But I was there; it was only fifteen minutes past four, and the temple was supposed to be only five-hundred meters from the station. And it was, too... it's the first temple I've been able to see from it's associated station. I easily walked the short distance, paid the 400 yen entry fee and climbed up, with nothing but the main hall and the nokyo in my mind, sure the place would close and kick me out short of the goal. But it didn't; I got the third temple. Cool!
As I wandered a little, just to enjoy the moment I suddenly realized just how far I'd traveled to reach this temple from Kyoto, because Kimiidera, from it's mountain-side location, has a beautiful view of the ocean. So I looked at it for a while, a tree full of semis buzzing and humming next to me.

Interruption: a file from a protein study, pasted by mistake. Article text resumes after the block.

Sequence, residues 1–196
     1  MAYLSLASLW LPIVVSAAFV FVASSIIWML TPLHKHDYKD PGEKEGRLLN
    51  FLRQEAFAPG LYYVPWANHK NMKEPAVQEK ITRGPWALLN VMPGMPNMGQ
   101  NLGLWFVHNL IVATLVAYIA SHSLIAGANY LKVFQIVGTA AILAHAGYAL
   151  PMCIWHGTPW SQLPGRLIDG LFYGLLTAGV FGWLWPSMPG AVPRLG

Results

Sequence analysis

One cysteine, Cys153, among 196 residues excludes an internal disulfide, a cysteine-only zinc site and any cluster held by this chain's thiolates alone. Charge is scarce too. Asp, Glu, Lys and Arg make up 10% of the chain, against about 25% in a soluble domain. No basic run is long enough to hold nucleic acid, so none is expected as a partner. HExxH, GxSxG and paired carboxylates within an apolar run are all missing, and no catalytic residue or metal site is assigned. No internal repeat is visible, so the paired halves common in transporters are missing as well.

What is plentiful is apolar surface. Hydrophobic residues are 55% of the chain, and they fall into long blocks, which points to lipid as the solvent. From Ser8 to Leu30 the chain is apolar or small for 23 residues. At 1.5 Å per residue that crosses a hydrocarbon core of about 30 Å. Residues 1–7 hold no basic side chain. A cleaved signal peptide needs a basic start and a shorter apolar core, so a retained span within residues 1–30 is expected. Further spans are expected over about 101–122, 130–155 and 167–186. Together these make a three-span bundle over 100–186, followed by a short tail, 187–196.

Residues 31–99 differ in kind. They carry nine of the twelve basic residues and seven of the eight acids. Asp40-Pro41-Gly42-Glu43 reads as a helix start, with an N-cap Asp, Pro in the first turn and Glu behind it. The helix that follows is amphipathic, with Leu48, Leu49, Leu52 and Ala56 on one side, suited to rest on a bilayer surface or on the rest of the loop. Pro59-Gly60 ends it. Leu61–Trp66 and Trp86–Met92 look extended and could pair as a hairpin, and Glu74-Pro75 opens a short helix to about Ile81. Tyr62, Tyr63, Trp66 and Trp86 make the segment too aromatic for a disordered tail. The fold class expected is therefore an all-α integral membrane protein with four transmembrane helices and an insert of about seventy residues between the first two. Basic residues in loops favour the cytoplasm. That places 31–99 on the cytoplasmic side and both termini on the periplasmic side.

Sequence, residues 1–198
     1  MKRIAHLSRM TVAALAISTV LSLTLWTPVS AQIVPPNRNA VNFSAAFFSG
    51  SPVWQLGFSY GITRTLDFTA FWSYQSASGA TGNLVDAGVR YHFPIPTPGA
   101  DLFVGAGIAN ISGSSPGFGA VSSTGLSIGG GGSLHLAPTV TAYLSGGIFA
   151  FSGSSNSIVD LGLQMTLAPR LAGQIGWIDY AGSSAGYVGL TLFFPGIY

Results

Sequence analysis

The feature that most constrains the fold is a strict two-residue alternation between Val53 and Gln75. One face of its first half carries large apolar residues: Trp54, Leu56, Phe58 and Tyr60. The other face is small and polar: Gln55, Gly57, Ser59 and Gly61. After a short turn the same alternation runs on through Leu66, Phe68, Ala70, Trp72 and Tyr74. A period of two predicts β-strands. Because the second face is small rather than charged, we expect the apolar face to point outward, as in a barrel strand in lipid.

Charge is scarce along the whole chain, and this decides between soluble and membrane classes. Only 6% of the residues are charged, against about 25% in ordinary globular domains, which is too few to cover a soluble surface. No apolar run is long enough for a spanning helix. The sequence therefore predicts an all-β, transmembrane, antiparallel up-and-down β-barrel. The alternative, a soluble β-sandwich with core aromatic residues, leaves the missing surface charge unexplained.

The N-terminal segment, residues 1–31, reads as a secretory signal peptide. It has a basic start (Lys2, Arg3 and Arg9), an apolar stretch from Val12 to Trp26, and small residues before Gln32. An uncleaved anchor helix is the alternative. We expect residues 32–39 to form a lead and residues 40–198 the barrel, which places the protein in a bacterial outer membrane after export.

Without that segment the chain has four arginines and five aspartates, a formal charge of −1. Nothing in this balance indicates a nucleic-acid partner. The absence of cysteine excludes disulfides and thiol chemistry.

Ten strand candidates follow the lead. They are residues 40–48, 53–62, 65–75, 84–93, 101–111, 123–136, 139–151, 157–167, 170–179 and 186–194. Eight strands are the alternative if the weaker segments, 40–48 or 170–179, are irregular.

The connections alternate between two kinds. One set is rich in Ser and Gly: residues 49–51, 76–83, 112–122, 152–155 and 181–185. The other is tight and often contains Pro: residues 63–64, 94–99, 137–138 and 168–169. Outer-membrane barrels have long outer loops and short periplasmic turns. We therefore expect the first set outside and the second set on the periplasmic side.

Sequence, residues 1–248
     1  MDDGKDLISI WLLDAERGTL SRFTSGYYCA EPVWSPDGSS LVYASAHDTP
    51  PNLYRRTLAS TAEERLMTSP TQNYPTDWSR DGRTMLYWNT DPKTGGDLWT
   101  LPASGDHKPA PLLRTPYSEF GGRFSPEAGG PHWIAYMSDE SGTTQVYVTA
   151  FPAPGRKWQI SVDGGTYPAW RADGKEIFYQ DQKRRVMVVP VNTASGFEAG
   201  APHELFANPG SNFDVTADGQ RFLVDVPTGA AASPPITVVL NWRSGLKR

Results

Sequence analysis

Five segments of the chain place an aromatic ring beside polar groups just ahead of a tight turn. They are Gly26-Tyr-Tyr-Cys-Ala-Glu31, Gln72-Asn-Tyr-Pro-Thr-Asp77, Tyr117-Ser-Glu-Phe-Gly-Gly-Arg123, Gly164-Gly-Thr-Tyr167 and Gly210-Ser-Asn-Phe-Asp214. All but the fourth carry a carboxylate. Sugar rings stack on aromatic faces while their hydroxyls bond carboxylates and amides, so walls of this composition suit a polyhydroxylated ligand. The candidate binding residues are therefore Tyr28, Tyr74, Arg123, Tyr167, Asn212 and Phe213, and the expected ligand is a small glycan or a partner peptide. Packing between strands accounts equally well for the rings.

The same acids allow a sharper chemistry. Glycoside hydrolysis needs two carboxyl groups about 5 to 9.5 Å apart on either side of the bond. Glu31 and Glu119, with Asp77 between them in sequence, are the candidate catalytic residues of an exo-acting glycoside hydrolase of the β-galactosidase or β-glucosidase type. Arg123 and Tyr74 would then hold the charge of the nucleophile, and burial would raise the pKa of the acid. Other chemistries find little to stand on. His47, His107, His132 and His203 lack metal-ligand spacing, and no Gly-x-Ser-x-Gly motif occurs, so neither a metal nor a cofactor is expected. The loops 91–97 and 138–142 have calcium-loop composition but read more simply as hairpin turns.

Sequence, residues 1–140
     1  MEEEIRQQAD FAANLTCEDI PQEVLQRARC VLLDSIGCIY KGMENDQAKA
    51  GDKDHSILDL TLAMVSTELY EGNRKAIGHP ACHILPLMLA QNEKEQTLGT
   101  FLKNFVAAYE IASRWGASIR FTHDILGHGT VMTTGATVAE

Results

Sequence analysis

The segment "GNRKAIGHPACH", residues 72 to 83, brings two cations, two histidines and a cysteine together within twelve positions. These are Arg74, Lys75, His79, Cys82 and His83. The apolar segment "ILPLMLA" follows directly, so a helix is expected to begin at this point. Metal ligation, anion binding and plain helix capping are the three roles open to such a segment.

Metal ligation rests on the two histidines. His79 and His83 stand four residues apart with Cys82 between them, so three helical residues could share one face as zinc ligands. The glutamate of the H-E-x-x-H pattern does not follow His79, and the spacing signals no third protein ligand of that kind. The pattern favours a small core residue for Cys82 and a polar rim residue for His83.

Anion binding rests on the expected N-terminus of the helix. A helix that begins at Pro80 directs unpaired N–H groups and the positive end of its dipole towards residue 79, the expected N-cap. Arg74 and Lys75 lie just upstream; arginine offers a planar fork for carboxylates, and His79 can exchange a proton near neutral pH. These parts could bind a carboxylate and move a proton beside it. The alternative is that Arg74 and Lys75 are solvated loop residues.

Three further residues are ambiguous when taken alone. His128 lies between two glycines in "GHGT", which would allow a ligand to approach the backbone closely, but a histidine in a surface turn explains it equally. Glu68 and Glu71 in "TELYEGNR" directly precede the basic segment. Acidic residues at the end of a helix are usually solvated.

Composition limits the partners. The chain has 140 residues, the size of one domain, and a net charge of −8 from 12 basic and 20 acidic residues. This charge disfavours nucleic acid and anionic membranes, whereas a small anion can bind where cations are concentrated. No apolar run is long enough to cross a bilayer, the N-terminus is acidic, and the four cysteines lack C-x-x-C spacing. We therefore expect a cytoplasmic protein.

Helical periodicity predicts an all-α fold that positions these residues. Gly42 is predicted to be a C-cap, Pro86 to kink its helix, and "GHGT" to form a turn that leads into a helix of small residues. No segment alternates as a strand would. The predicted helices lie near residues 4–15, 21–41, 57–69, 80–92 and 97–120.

Then it was time to find a place for the night, and consider what the next temple would be... I've run out of the temples that are near each other and relatively easy. I checked at Wakayama, but there's was only one, expensive hotel, so I returned to Osaka and found a place there instead.
It was a good move. The next temple set I'll try for starts near Osaka, goes over towards Himeji, then to the Northern coastline of Japan. Tomorrow I'm going to try for three (and probably get two), Nakayama temple, Engyoji temple, and -- once again -- Matsunoo temple (the one I failed to reach from Lake Biwako twice before). Well, I've got an early day tomorrow. Night.

Onwards to August 9, 1999